“It is important for U.S. manufacturers to understand all requirements and standards applicable to their product for CE marking,” says Karen Grantham, an account executive for TUV SUD America’s Eastern Region. “In addition, they must prepare the proper documentation to support compliance to the applicable requirements. That is why it is advantageous to find a partner, who is knowledgeable, capable and authorized to assist in meeting the regulations.”

The fee for a third party will depend on the complexity of the product and how much testing is required, she says.

The time spent on product inspection and re-inspection also depends on how well a manufacturer has prepared documentation, test reports and how many deviations from the standards there are, Holmgren adds.

The help of a consultant can be expensive. Zuyderwijk takes a unique approach to CE marking with self-certification services. His Web site,, which has been up and running for 10 years now, provides a wealth of information for free. Zuyderwijk says one of the biggest CE certification myths is that the CE marking requires third-party certification. In almost 90 percent of the cases, he says that’s not true and self-certification can save a lot of time and money. His e-mail course and newsletter are free, but he also offers products for sale including an eBook and an online guidance system. And he, too, does consulting, conformity assessment and testing services.

The U.S. Department of Commerce provides CE marking information as well. Bob Straetz, Office of the European Union, can be reached at 202-482-4496.

Keeping up with changes
“Manufacturers must realize that CE marking is not a one-time exercise but a commitment to continuous product improvement,” Zuyderwijk says. “They should keep themselves informed of amendments and new developments.”

In this regard, he reports one recent change for GSE manufacturers, “The European Commission decided to withdraw the presumption of conformity for Clause 5.6 of the standard EN 12312-9:2005 ‘Aircraft ground support equipment – specific requirements container/pallet loaders.’” The standard is likely to be amended soon, he says because a container loader in full compliance with the clause caused an accident that revealed the weakness of the provision.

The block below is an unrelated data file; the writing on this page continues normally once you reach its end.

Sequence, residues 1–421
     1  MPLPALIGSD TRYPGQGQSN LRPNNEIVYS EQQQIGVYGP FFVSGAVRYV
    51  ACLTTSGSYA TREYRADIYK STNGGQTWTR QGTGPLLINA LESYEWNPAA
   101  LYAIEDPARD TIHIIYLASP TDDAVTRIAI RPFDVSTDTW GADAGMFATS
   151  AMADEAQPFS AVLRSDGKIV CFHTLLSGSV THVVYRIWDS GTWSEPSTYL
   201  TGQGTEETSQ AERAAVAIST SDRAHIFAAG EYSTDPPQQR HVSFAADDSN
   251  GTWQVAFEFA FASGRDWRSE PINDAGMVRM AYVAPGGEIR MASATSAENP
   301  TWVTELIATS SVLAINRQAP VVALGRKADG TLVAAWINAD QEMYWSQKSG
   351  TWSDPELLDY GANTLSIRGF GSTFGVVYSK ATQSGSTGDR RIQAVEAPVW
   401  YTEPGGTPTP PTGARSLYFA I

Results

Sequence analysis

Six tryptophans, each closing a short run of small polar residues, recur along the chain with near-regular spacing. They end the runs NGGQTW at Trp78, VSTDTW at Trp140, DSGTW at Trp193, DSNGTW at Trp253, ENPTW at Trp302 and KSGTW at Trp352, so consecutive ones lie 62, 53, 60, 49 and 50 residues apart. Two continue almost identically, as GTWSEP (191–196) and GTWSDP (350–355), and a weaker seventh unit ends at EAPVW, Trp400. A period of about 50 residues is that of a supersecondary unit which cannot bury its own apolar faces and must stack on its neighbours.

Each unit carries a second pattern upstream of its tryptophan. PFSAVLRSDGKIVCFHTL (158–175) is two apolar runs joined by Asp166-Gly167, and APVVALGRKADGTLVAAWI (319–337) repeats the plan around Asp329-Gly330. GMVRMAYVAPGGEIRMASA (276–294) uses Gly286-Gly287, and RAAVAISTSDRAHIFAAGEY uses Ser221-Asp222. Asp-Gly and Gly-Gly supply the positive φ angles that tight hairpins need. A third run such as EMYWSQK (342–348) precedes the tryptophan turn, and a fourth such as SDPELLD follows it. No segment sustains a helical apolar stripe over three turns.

At the end of this year, Holmgren says a new machinery directive (2006/42/EC) will result in changes for safety requirements and paperwork.

“All manufacturers with CE-marked machines, not only Annex 4 machines with an EC-type certificate, must make sure that the new requirements are fulfilled, and the certificates must be renewed,” he says.

The EU Web site,, which lists the CE marking directives and their standards, is a good place to keep updated on changes.

Making your CE marking
Zuyderwijk reminds that in the past, standards changes, product requirements and test procedures in Europe were set by individual EU member states. Companies that wanted to sell products on the European market sometimes had to deal with more than 10 different technical requirements or procedures just for one product. All the different products requirements brought many costs for the producers. With the help of the New Approach Directives, manufacturers no longer need to adapt their products to the specific requirements of different member states. (Although Holmgren points out users manuals must be translated to the local language.)

In addition, Zuyderwijk says by implementing the requirements, CE marking a product will be safer for the consumer, and damage and liability claims may also be reduced.

The CE marking process may seem difficult, especially if you haven’t gone through the process before. However, help is available to get you through it and once you have the CE marking on your product, you’ll have a mark of meeting European health and safety standards, which often becomes a mark of consumer confidence and a marketing advantage.